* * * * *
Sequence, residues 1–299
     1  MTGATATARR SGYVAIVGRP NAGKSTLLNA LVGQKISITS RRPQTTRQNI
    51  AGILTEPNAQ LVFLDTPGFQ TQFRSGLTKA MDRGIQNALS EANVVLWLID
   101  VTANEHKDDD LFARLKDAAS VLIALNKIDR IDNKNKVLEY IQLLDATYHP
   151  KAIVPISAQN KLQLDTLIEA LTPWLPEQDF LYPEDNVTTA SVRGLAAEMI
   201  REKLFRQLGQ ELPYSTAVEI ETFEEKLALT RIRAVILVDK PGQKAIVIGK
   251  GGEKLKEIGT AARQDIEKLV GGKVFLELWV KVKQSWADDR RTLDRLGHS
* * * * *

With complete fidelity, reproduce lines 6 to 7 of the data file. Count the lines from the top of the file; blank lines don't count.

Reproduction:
   201  REKLFRQLGQ ELPYSTAVEI ETFEEKLALT RIRAVILVDK PGQKAIVIGK
   251  GGEKLKEIGT AARQDIEKLV GGKVFLELWV KVKQSWADDR RTLDRLGHS